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Title: Reduced phase noise in an erbium frequency comb via intensity noise suppression
Award ID(s):
1654425
NSF-PAR ID:
10054026
Author(s) / Creator(s):
; ; ;
Date Published:
Journal Name:
Optics Express
Volume:
25
Issue:
15
ISSN:
1094-4087
Page Range / eLocation ID:
18175
Format(s):
Medium: X
Sponsoring Org:
National Science Foundation
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  2. Abstract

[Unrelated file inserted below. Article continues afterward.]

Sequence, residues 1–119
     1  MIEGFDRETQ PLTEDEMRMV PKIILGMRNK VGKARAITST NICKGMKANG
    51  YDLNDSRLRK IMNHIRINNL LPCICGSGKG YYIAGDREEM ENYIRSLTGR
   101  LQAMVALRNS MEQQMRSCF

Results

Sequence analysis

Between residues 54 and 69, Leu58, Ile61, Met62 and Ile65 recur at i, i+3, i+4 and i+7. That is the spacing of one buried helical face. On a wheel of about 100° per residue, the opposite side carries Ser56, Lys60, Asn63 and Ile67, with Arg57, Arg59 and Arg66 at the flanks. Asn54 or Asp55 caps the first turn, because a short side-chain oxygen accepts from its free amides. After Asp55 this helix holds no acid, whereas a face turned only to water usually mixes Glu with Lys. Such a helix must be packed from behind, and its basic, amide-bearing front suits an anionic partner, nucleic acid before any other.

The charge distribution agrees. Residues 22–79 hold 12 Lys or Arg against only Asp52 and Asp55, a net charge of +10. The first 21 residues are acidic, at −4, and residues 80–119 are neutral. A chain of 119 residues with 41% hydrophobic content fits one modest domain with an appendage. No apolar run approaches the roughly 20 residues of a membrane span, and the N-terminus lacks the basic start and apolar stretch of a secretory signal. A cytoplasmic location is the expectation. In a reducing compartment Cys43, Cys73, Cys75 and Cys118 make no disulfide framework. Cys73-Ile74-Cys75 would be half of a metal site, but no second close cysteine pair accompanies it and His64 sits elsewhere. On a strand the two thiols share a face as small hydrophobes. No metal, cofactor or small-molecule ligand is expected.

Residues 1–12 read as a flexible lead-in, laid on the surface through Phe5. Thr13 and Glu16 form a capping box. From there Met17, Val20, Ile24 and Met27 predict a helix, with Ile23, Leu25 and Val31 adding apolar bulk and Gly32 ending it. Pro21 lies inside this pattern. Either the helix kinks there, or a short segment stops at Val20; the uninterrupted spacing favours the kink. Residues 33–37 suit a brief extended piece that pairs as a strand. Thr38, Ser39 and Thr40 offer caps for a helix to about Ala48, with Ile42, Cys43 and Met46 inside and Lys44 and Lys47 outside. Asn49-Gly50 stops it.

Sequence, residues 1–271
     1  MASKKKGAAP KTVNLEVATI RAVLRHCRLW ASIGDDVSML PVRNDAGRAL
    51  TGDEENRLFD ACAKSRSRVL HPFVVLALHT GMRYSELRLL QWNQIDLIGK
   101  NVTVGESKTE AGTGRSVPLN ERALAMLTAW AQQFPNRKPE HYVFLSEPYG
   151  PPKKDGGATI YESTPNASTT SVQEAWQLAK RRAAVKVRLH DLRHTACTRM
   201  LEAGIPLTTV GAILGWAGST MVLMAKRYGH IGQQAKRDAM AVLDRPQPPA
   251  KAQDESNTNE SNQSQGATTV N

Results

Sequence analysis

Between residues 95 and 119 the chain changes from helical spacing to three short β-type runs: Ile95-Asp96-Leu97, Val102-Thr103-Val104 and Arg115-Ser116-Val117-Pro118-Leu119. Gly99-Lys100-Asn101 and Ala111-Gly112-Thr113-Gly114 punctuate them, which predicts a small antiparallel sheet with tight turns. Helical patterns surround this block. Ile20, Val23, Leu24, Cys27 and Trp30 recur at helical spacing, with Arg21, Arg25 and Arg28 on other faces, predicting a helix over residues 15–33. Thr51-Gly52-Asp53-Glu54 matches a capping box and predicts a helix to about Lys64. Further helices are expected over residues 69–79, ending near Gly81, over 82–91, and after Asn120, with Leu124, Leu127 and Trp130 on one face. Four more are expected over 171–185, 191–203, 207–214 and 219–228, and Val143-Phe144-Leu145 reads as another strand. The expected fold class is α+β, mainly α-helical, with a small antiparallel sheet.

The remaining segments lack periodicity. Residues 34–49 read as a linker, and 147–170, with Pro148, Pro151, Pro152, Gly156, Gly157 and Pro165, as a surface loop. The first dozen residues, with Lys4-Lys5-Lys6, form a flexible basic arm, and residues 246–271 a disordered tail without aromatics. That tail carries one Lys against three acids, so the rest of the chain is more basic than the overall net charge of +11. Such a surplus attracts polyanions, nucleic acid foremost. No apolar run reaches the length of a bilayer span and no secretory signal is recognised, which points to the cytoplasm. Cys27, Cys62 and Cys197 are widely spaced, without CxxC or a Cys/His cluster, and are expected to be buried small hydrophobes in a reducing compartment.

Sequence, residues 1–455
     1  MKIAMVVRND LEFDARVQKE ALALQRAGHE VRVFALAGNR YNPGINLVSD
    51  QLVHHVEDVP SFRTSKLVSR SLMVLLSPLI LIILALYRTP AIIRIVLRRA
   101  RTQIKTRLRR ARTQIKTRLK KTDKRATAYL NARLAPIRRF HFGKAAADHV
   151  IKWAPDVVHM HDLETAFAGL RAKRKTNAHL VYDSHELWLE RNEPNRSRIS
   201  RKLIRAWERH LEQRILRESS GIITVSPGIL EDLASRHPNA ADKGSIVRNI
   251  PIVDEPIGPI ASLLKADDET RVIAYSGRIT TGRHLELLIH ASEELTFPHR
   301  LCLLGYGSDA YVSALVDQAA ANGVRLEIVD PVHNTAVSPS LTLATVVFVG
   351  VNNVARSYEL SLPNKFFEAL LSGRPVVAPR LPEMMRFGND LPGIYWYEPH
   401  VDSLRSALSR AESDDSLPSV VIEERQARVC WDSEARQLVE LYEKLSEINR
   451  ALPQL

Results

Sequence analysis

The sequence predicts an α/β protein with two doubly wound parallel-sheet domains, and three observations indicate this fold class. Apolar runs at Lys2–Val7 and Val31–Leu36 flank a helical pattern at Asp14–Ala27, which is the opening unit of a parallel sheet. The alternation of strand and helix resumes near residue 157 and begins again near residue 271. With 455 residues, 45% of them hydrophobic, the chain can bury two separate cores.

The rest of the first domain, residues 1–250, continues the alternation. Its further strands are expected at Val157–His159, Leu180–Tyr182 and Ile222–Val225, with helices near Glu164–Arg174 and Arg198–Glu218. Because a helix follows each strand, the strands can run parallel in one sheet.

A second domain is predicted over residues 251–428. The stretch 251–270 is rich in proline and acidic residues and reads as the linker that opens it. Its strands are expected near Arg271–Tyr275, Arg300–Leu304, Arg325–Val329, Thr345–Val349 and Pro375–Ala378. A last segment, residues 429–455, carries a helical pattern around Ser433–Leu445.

We study the distribution over measurement outcomes of noisy random quantum circuits in the regime of low fidelity, which corresponds to the setting where the computation experiences at least one gate-level error with probability close to one. We model noise by adding a pair of weak, unital, single-qubit noise channels after each two-qubit gate, and we show that for typical random circuit instances, correlations between the noisy output distribution$$p_{\text {noisy}}$$pnoisyand the corresponding noiseless output distribution$$p_{\text {ideal}}$$pidealshrink exponentially with the expected number of gate-level errors. Specifically, the linear cross-entropy benchmarkFthat measures this correlation behaves as$$F=\text {exp}(-2s\epsilon \pm O(s\epsilon ^2))$$F=exp(-2sϵ±O(sϵ2)), where$$\epsilon $$ϵis the probability of error per circuit location andsis the number of two-qubit gates. Furthermore, if the noise is incoherent—for example, depolarizing or dephasing noise—the total variation distance between the noisy output distribution$$p_{\text {noisy}}$$pnoisyand the uniform distribution$$p_{\text {unif}}$$punifdecays at precisely the same rate. Consequently, the noisy output distribution can be approximated as$$p_{\text {noisy}}\approx Fp_{\text {ideal}}+ (1-F)p_{\text {unif}}$$pnoisyFpideal+(1-F)punif. In other words, although at least one local error occurs with probability$$1-F$$1-F, the errors are scrambled by the random quantum circuit and can be treated as global white noise, contributing completely uniform output. Importantly, we upper bound the average total variation error in this approximation by$$O(F\epsilon \sqrt{s})$$O(Fϵs). Thus, the “white-noise approximation” is meaningful when$$\epsilon \sqrt{s} \ll 1$$ϵs1, a quadratically weaker condition than the$$\epsilon s\ll 1$$ϵs1requirement to maintain high fidelity. The bound applies if the circuit size satisfies$$s \ge \Omega (n\log (n))$$sΩ(nlog(n)), which corresponds to onlylogarithmic depthcircuits, and if, additionally, the inverse error rate satisfies$$\epsilon ^{-1} \ge {\tilde{\Omega }}(n)$$ϵ-1Ω~(n), which is needed to ensure errors are scrambled faster thanFdecays. The white-noise approximation is useful for salvaging the signal from a noisy quantum computation; for example, it was an underlying assumption in complexity-theoretic arguments that noisy random quantum circuits cannot be efficiently sampled classically, even when the fidelity is low. Our method is based on a map from second-moment quantities in random quantum circuits to expectation values of certain stochastic processes for which we compute upper and lower bounds.

     
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